In very real news, as in, “This is a real thing that happened that I totally didn’t make up”, a truckload of Hagfish, colloquially known as ‘slime eels’, overturned near milepost 131 on U.S. 101, on the Oregon Coast due west of Salem, OR.
Hagfish are the “vultures” of the sea. They hang around, waiting for other sea creatures to die, then burrow into the carcass to eat it from the inside out, thus cleaning up all the oceanic “roadkill”. The problem, as you can see in the photo above, is that when captured, their main defense mechanism is to secrete a microfibrous slime.
The virtually blind and eel-like creature, which measures about 30 inches, and which features small tentacles around its jawless mouth and pincher-like teeth on its tongue, is the world’s oldest vertebrate. They have anywhere from 90 to 200 “slime pores” running laterally along the full length of each side of their body. So when threatened or stressed, their strategy is to “shoot a load” of slime at whatever predator is nearby in order to SUFFOCATE IT. The slime is so viscous and effective that a Hagfish left in its own slime will literally suffocate and die.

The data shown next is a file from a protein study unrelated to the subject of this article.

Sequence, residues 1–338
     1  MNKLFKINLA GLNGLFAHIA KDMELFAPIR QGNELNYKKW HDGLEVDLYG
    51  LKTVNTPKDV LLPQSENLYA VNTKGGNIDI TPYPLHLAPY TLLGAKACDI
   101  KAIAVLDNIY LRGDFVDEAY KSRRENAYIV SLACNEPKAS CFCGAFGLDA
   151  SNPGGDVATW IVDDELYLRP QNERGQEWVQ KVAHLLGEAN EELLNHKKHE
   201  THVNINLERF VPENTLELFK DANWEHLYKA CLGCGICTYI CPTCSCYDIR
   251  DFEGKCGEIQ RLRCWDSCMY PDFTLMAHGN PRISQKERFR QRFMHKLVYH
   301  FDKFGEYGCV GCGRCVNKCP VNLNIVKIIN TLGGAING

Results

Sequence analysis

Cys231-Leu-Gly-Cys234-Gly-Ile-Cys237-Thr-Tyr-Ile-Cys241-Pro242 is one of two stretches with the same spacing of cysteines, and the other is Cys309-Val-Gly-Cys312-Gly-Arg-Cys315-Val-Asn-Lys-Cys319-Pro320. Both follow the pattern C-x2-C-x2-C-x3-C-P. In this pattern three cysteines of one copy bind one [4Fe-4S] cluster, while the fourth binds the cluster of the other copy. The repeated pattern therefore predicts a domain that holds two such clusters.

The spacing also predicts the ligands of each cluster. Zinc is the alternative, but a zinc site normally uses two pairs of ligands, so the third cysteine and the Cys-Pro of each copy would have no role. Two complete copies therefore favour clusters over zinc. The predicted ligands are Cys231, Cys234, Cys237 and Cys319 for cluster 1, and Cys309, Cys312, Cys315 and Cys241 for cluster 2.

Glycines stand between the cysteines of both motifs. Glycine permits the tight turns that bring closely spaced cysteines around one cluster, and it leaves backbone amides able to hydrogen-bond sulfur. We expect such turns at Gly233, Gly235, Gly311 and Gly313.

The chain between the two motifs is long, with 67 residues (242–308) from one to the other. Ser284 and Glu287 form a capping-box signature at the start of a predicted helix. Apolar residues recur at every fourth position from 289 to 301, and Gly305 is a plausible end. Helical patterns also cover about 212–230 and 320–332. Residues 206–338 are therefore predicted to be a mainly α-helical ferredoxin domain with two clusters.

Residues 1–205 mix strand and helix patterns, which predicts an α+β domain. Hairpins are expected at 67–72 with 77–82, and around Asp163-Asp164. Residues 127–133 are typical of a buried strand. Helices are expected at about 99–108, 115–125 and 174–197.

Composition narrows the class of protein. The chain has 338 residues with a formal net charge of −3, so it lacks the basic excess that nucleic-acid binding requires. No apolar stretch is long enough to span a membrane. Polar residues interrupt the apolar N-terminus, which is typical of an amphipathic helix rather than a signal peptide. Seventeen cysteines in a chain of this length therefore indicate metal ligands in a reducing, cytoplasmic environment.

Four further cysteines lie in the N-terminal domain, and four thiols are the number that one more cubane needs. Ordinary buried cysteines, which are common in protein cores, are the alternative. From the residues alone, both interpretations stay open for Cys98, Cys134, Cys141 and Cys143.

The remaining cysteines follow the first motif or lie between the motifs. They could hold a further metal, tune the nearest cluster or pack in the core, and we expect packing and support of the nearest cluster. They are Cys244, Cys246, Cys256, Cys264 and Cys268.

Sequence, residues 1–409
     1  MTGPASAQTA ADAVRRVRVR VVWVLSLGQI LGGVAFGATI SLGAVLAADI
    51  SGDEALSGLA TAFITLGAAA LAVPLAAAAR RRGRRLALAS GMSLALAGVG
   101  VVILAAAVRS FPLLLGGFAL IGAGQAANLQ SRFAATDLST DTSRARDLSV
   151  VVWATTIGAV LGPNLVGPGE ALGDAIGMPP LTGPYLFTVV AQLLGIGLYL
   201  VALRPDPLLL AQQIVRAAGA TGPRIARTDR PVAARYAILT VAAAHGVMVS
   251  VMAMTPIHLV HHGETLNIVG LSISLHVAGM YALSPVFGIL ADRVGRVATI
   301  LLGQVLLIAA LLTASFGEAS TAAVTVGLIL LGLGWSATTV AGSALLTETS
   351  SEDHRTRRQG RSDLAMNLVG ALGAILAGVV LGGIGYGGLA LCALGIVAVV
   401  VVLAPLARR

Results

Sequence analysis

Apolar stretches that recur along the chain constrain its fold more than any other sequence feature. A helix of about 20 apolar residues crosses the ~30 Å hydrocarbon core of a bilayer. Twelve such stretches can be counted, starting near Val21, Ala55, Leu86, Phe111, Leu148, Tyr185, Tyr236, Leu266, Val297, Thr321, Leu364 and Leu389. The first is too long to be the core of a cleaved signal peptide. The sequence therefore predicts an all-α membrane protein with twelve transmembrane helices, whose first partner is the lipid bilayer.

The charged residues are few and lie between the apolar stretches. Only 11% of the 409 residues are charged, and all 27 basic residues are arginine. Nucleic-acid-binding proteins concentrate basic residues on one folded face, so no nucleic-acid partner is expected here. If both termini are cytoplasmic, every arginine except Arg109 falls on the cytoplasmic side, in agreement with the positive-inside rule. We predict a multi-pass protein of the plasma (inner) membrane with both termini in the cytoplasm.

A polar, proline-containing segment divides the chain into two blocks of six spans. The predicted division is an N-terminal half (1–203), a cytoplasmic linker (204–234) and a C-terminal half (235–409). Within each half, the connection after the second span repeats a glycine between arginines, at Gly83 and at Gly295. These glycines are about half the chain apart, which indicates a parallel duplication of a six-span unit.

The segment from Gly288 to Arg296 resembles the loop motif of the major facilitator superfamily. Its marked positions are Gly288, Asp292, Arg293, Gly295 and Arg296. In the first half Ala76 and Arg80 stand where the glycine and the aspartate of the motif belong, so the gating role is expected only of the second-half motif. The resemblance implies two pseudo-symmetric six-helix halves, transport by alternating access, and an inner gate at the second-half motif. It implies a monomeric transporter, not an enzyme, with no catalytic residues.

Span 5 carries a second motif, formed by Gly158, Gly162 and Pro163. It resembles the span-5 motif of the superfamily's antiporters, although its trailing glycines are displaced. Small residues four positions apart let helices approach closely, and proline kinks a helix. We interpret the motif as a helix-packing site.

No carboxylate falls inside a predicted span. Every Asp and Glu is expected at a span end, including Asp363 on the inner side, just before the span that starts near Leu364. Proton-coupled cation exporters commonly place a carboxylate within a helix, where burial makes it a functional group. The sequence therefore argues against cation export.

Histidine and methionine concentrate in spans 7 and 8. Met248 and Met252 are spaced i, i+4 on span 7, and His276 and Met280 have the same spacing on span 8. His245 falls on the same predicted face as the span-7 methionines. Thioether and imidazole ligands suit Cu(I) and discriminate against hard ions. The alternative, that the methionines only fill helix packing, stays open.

The snot snakes were being shipped to Korea for consumption, according to police. Hagfish are prized as a delicacy in South Korea, and even considered an aphrodisiac, like most creepy, crawly, wiggly things that make their way to Asia. They’re pretty valuable little…um, “guys”, and there’s a fairly robust industry of capturing them off the Oregon coast (since 1988) and shipping them to Korea.
As of Thursday 7/13, Oregon State Police had not yet said when they expect the road to be clear. (And you thought YOU had some epic “emissions”.)